Jerry Rubin: Self‑Portrait of a Child of "Amerika," 1970

 

Students for a Democratic Society (SDS), the catalyst for the new student left, was dedicated throughout its early history to a more or less traditional politics of organiation and struggle.  Rebels like Abbie Hoffman and Jerry Rubin, on the other hand, owed more to the new cultural radicalism.  The following excerpt from Rubin’s book, Do it! Scenes of a Revolution (1970) captures the emphasis of the new “Counterculture” on theatricality and self-expression. (ed.)

 

 

I am a child of Amerika.

 

If I'm ever sent to Death Row for my revolutionary "crimes," I'll order

 

as my last meal: a hamburger, french fries and a Coke. I dig big cities.

 

I love to read the sports pages and gossip columns, listen to the radio

 

and watch color TV.

 

I dig department stores, huge supermarkets and airports. I feel secure (though not necessarily hungry) when I see Howard Johnson's on the expressway.

 

I groove on Hollywood movies‑even bad ones.

 

I speak only one language‑English.

 

I love rock 'n' roll.

 

I collected baseball players' cards when I was a kid and wanted to play second base for the Cincinnati Reds, my home team.

 

I got a car when I was sixteen after flunking my first driver's test and crying for a week waiting to take it a second time.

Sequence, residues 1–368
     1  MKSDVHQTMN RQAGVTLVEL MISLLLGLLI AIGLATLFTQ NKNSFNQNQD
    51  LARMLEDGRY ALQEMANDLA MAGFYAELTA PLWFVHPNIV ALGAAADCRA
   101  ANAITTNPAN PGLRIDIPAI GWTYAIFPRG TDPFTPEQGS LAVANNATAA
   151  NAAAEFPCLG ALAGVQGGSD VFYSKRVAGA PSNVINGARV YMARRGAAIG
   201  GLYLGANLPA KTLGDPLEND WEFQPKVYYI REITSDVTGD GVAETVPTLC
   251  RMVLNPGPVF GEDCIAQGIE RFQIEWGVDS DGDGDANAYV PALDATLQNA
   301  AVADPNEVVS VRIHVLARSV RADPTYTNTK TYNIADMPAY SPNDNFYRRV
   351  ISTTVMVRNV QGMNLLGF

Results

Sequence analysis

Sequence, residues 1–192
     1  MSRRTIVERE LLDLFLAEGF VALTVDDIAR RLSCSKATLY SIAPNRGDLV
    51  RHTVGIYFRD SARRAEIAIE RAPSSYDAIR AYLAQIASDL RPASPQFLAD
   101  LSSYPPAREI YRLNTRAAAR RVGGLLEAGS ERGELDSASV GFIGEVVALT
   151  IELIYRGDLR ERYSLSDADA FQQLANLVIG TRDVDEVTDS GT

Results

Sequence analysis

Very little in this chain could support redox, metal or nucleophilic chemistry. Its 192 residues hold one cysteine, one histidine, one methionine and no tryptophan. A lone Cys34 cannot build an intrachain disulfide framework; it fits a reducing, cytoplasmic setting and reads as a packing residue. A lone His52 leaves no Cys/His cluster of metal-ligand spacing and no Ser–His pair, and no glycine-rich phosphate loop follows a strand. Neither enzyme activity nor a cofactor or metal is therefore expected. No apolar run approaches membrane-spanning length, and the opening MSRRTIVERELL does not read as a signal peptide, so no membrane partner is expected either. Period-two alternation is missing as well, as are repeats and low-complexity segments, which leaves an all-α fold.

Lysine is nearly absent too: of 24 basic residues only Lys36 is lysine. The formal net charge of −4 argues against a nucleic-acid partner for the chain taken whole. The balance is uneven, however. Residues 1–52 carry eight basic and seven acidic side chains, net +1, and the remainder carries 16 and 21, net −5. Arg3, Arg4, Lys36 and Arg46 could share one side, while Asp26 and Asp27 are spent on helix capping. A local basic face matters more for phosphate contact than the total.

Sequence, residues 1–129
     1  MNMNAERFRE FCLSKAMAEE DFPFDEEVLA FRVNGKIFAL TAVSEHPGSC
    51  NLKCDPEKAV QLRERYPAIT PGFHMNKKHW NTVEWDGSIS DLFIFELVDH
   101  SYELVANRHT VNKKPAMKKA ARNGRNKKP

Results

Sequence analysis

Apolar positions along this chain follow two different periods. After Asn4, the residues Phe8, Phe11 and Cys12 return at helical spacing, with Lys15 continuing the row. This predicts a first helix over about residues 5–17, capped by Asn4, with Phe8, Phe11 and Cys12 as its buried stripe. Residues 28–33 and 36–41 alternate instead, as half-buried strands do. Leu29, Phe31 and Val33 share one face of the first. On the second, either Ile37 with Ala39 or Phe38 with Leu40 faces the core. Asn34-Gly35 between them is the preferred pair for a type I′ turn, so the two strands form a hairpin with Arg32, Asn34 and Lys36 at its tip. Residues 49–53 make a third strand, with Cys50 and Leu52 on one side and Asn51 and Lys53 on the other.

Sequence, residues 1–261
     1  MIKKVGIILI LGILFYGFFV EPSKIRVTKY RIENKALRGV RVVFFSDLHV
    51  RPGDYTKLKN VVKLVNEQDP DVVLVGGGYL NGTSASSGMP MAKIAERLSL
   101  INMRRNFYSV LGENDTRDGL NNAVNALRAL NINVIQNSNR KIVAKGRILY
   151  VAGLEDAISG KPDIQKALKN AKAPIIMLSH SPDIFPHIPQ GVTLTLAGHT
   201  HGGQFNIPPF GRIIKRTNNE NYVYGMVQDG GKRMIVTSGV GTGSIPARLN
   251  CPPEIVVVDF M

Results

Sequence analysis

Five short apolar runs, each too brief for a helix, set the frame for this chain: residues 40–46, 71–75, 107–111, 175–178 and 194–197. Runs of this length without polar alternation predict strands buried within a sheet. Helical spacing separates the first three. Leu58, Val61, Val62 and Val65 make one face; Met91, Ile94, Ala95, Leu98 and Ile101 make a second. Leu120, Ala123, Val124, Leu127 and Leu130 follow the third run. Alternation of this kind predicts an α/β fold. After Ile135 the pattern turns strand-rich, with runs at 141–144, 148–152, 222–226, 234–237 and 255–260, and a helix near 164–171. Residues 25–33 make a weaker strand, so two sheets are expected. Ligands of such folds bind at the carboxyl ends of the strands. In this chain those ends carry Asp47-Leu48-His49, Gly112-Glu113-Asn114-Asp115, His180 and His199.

I went to the kind of high school where you had to pass a test to get

 

in.

 

I graduated in the bottom half of the class.

 

My classmates voted me the "busiest" senior in the school.

 

I had short, short, short hair.

 

I dug Catcher in the Rye.

 

I didn't have pimples.

 

I became an ace young reporter for the Cincinnati Post and Times‑Star. "Son," the managing editor said to me, "someday you're going to be a helluva reporter, maybe the greatest reporter this city's ever seen."

 

I loved Adlai Stevenson.

 

My father drove a truck delivering bread and later became an organizer in the Bakery Drivers' Union. He dug Jimmy Hoffa (so do I). He died of heart failure at fifty‑two.

 

My mother had a college degree and played the piano. She died of cancer at the age of fifty‑one.

 

I took care of my brother, Gil, from the time he was thirteen.

 

I dodged the draft.

 

I went to Oberlin College for a year, graduated from the University of Cincinnati, spent 11/z years in Israel and started graduate school at Berkeley.

 

1 dropped out.

 

I dropped out of the White Race and the Amerikan nation.

 

I dig being free.

 

I like getting high.

 

I don't own a suit or tie.

 

I live for the revolution.

 

I'm a yippie!

 

I am an orphan of Amerika.